The Raspberry Pi Camera Module: Part 2 – Taking Pictures and Videos

The Raspberry Pi Camera Module: Part 2 – Taking Pictures And VideosIt's watching you...well...as long as you get the code right!

In Part 1 we hooked up the Camera Module to our Raspberry Pi. That was the easy bit. In part 2 we will look at what you need to do to get your camera doing the thing it was born to do – take pictures and videos. 

For this part we’ll look at how to get started with taking images and videos, and then move on to more advanced stuff in part 3, such as slow motion and time-lapse videos.


Ready? Let’s go…


Pi Setup

Before we begin, we need to do a couple of things to make sure your Pi is up to date and ready to shoot.

Update

It’s worth doing this regularly anyway, but it’s important to do this now just in case. Enter the following commands in Terminal to update your Pi:

 sudo apt-get update  
 sudo apt-get upgrade  

Enable the Camera

Your Pi might not be ready to use the camera model – it’s easily done though, simply go into the configuration screen and enable it there:

 sudo raspi-config  


Select option 5 to enable the camera module:

Raspi-Config Screen

Raspi-config main screen

Then just select ‘enable’ and press ‘enter’. When you exit raspi-config it’s worth rebooting:
Exit raspi-Config

Enable the camera module


Shooting Options

There are a number of different types of shot you can take with the camera module, with a lot of variables you can play with as well (I will cover this seperately). For the purpose of this post I’ll keep it to just a few to get you started.

Standard Still Image

In the Terminal, enter the following command for a standard ‘off the shelf’ camera shot:
 raspistill -o imagename.jpg  
  • raspistill‘ – is the camera command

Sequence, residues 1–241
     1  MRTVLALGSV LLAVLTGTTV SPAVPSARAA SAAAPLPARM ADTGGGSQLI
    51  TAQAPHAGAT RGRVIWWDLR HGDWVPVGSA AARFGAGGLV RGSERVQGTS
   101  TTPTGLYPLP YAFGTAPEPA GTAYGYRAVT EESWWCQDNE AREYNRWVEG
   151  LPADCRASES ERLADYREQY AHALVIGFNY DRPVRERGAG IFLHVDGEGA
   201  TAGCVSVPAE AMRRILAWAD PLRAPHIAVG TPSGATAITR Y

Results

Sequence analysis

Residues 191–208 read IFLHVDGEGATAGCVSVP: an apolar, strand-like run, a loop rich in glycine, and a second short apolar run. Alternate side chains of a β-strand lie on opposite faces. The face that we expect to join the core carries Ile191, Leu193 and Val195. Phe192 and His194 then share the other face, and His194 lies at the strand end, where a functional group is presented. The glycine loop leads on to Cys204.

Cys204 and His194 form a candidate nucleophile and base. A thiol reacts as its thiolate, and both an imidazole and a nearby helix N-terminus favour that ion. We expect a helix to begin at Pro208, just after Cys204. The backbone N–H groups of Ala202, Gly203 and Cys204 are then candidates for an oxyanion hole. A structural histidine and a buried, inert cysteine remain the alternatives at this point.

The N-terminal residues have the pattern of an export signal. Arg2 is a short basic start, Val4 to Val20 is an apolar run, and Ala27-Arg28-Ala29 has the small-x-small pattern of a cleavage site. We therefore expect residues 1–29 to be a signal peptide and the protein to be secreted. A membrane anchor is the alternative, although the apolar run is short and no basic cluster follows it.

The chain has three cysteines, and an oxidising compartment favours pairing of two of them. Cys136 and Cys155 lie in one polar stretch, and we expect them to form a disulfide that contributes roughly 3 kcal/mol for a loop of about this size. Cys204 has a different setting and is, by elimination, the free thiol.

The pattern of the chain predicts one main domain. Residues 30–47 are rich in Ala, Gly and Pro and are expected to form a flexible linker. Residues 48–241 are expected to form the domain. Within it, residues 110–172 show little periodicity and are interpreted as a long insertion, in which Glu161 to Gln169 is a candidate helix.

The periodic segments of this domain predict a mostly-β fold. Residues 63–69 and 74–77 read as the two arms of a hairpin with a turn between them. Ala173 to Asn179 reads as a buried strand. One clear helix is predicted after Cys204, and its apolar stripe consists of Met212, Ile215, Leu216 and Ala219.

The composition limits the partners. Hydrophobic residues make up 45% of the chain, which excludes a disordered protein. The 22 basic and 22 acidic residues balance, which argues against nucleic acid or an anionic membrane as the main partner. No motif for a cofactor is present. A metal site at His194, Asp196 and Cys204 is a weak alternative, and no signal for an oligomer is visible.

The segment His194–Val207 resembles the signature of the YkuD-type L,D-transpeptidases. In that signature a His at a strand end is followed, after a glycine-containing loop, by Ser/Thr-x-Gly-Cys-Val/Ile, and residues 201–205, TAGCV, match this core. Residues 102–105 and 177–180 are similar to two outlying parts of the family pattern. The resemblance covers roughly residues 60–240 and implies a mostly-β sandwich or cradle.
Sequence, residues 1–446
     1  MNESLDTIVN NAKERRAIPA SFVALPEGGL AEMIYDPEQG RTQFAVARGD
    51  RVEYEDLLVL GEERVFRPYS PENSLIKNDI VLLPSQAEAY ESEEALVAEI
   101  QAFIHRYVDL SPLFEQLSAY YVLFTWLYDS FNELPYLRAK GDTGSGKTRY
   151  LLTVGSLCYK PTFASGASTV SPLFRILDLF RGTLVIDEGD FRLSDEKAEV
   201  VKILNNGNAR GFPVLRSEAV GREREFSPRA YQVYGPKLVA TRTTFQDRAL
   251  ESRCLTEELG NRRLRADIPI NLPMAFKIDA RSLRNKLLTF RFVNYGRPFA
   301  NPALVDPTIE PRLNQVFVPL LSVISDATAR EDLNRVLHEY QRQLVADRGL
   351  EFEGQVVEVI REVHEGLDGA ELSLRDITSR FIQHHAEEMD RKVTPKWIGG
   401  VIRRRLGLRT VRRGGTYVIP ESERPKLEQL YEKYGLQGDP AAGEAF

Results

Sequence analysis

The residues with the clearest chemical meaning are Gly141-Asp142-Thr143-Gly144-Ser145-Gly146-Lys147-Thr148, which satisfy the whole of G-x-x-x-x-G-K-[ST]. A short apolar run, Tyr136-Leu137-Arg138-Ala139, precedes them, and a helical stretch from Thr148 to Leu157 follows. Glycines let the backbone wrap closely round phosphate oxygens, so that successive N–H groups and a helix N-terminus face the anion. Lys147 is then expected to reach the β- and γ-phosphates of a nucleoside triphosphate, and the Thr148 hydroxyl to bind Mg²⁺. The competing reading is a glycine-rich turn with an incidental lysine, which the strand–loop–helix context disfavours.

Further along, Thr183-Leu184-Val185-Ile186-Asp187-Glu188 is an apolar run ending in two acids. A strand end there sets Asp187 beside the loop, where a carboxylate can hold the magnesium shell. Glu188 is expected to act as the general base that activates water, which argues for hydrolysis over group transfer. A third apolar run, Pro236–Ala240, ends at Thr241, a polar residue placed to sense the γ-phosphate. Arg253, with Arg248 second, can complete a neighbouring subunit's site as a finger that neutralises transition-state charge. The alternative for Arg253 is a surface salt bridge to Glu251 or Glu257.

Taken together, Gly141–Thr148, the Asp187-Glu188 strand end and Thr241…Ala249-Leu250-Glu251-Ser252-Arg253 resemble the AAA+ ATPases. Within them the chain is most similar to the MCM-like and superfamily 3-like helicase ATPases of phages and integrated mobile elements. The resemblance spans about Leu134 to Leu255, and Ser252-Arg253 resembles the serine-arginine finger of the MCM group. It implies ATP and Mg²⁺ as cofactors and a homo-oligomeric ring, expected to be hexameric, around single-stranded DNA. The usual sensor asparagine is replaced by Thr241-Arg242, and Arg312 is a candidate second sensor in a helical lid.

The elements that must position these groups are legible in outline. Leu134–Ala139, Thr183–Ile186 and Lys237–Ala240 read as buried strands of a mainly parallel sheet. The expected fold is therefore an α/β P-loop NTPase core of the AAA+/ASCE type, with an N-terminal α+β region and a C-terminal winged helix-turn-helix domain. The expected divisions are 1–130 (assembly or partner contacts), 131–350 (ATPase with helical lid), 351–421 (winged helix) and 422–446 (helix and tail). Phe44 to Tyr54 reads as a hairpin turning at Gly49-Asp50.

• -o‘ – means to “output” – it tells the Pi that this is to be saved to disk rather than just a preview (thanks to Simone Lippolis for confirming what this was)
  • imagename.jpg‘ – is the name of the image file, followed by the image file format


This waits 5 seconds and then takes a shot (you can change this if you want). Here’s one I took looking down out of my apartment window:

Raspberry Pi Camera Module Test Shot

My first shot!…the floor?!


Standard Video Recording

Again in the Terminal, enter this command to take a 20 second video:

 raspivid -o video.h264 -t 20000  
  • raspivid‘ – is the video record command
  • -o‘ – as before, means “output” – this tells the Pi that this is to be saved to disk rather than just a preview
  • video.h264‘ – is the name of the video followed by the video encoding format
  • -t 20000‘ – is how long the video should record in milliseconds (20000 = 20 seconds)


Now this will record to a raw .h264 file, which you then need to convert/encode to an mp4 file otherwise you won’t be able to play it. For this we need to install MP4Box which will do the conversion for us:

 sudo apt-get install -y gpac  


Once you’ve installed that, here’s the code to convert your raw h264 stream to mp4:

 MP4Box -fps 30 -add video.h264 video.mp4  
  • MP4Box‘ – is the command to use MP4Box
  • -fps 30‘ – is the frames per seconds for the output video (change this for different speed videos such as slow motion)
  • -add video.h264‘ – tells the Pi which raw video to convert
  • video.mp4‘ – this is the output video file name in mp4 codec
Here’s the output video of me lurking around my table of ‘PiJunk’ – remember – no sound with just the camera module on its own:

 

That’s it for the basic commands. You can add these to Python scripts and combine these commands with buttons or other input methods such as sensors, or even use something like cron or init.d to make the camera start on boot up. Get creative, the possibilities are endless.

In Part 3 I’ll cover slow motion and time-lapse videos, as these take a little more preparation (and I need to buy a power pack!).
 
If you have any questions or get stuck, just add a comment below.


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